“It’s disappointing really because the Environment Agency have just spent over £1 million on new flood defence schemes - two flood defence schemes - this year but they’ve been totally overwhelmed,” she said.

Business owners in Caen Street were left surveying the damage this morning.

Emma Beeston, who runs a restaurant in Braunton, said that despite having flood boards and sand bags she had two inches of water throughout her business.

“Ourselves and every other business and lots of homes were under a lot of water for quite a long time,” she told the BBC.

“The timing couldn’t be any worse for any of us here, really. The start of the Christmas holiday is always a busy time, it is a two-week period.

“There are shops in this village that are not going to get opened for the entire Christmas period. Their stock has all been lost. Towards the middle of Caen Street there was 3ft of water, much of that went into the shops and you can’t turn that round overnight.

“Luckily for us we managed to, once the water had receded, get the water out and give it a first mop clean. Unfortunately at 7pm last night the same thing happened again, it re-flooded.”

But Ms Beeston promised to fulfil her commitments on Tuesday, saying: “We will be open on Christmas Day for all our customers who are coming.”

Fire crews from the Devon and Somerset Fire and Rescue Service said they had a busy night attending several incidents of people caught out by the flood water.

At 12.37am firefighters from South Molton and Torrington in North Devon and a special rescue team were called to help to man, woman and a child after their car became stuck in fast flowing floodwater.

Police and paramedics also attended the incident near Umberleigh Railway Station along with an RNLI boat team and a search and rescue helicopter.

A spokesman for the fire service said: “The occupants in the car were difficult to reach although one male person and one child were rescued by fire service personnel using dry suits.

“The adult female was out of reach and was eventually rescued by the RNLI boat team.”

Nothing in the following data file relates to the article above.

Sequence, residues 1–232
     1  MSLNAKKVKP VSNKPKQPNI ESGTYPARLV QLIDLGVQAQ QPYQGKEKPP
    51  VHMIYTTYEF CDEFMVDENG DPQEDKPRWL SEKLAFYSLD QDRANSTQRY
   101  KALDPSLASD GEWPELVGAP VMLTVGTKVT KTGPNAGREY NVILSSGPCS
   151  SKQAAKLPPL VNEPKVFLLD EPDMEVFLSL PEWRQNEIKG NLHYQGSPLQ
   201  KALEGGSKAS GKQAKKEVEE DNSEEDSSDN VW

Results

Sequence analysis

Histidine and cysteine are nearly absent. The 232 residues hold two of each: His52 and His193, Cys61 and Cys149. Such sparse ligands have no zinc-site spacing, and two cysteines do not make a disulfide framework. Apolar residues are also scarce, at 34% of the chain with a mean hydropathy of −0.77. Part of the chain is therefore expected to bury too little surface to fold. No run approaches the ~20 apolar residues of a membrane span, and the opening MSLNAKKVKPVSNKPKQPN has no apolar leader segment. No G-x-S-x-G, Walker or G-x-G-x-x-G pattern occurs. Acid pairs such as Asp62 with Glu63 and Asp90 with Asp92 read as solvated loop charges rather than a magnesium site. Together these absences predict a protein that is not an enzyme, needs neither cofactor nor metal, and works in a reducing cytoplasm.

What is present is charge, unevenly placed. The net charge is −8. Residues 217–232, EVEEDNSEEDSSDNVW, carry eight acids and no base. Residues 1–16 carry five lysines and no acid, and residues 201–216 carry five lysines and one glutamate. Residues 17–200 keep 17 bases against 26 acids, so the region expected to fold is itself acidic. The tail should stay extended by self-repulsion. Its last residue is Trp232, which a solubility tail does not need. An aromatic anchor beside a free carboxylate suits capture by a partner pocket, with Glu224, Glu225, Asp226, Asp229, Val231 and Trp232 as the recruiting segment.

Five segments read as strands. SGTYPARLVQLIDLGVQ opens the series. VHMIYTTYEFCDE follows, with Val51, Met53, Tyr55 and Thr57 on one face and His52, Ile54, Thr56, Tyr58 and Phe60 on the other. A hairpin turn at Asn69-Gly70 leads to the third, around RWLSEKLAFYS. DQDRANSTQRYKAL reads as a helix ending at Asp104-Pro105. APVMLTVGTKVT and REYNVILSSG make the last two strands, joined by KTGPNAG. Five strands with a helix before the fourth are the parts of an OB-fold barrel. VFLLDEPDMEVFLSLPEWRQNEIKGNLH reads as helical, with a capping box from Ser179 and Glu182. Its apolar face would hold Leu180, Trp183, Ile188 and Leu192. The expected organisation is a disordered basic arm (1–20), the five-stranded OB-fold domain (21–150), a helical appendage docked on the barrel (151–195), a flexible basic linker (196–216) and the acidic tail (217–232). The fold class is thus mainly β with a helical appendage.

Two hours later a crew from Okehampton were called to Sanders Lane, in Bishops Tawton, near Barnstaple where two elderly women were trapped in their home.

The property was 50 metres from the road and surrounded by three foot of floodwater.

The fire crew and a RNLI in-shore boat rescued the two women who were taken to safety before two further people and two dogs were also rescued from a nearby cottage.

Rail services across the country remain in disarray, causing a headache for Christmas commuters and those who were unable to make journeys yesterday because of the floods.

First Great Western is advising passengers not to attempt to travel in the South West following disruptions to a number of services, National Rail said on its website.

Trains between Exeter St Davids and Tiverton Parkway are suspended on the Plymouth to Taunton line, with a limited bus service between Exeter and Taunton.

Services between Exeter St Davids and Barnstaple are also suspended, and there are no trains between Liskeard and Looe in Cornwall today.

Passengers on First Great Western trains with tickets from yesterday will be able to use them today or tomorrow.

A fire on Friday that caused signalling problems at Preston Park near Brighton continues to affect services today, including the Brighton to London route via Gatwick airport, and trains between Liverpool and Manchester are disrupted because of a landslip.

East Midlands Trains has suspended services between Derby and Nottingham and there are delays of almost an hour between Derby and Loughborough because of flooding, while trains between Cardiff and Bridgend are suspended and those between Bristol Parkway and Cardiff delayed up to an hour.

The road network is also widely affected. The A27 near Chichester is flooded, as is the M4 motorway on the westbound slip road to Reading services.